In a comment in my post on what I thought was typical journalistic conflation, Trixie of Distracted Diva writes
The term â€œMommy Warsâ€ is an interesting bit of rhetoric. It is commonly used to describe the imaginary schism between stay-at-home mothers and mothers who work outside the home. Groups who are not supportive of womenâ€™s rights use this term to create a perceived discord between these kinds of mothers, painting each as hostile to the other, and to then present this image as a reality to the culture at large. This also creates a no-win situation for mothers, who are not supported by the either/or ideology implicit in this rhetoric, and allows the culture at large to focus on a fictional â€œcatfightâ€ rather than on the real issues affecting mothersâ€™ ability to care for their children.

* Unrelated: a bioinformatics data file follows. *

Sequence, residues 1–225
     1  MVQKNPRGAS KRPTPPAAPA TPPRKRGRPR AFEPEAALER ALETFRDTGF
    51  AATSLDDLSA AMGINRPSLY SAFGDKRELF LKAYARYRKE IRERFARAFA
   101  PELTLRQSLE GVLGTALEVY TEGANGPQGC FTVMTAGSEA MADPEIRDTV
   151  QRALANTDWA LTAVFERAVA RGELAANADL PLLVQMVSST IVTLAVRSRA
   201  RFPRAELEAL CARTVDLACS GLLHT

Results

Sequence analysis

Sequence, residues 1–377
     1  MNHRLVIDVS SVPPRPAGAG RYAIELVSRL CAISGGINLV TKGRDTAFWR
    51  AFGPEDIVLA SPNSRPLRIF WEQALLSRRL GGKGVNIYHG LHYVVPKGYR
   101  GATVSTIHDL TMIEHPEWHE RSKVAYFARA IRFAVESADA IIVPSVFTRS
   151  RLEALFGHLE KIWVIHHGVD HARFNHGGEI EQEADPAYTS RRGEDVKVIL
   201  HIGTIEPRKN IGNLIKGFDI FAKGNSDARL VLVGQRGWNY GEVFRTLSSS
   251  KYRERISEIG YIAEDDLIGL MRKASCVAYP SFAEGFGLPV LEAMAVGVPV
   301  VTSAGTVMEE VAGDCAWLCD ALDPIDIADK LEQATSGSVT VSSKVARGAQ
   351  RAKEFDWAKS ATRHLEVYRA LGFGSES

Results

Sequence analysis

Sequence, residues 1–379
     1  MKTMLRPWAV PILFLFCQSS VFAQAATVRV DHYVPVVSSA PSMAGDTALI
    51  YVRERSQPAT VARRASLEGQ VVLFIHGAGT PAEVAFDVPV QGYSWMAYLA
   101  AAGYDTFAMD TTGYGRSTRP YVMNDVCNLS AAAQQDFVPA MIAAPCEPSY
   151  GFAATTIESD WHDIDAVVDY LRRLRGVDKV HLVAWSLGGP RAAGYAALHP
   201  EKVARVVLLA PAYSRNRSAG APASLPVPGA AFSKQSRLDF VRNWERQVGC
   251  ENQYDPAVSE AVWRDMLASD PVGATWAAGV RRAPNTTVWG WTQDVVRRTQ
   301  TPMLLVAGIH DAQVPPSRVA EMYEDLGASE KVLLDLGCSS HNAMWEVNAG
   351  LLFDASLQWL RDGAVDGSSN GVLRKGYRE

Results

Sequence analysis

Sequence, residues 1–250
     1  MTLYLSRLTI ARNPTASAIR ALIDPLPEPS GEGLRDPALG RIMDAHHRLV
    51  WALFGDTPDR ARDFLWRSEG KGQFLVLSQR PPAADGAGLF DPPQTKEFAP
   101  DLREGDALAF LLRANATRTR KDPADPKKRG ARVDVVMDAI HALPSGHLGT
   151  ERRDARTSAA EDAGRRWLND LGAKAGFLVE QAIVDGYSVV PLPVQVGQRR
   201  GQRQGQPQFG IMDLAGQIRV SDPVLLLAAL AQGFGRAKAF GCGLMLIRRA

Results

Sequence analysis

This is well stated. Trixie rubs this coin to the understuff, revealing the “emptiness” of media-common terms, which may be anything preceeding the word “war.” But here’s another related issue. We talk a lot about “values” in the commons. But rarely do we drill down into the notion of what constitutes value.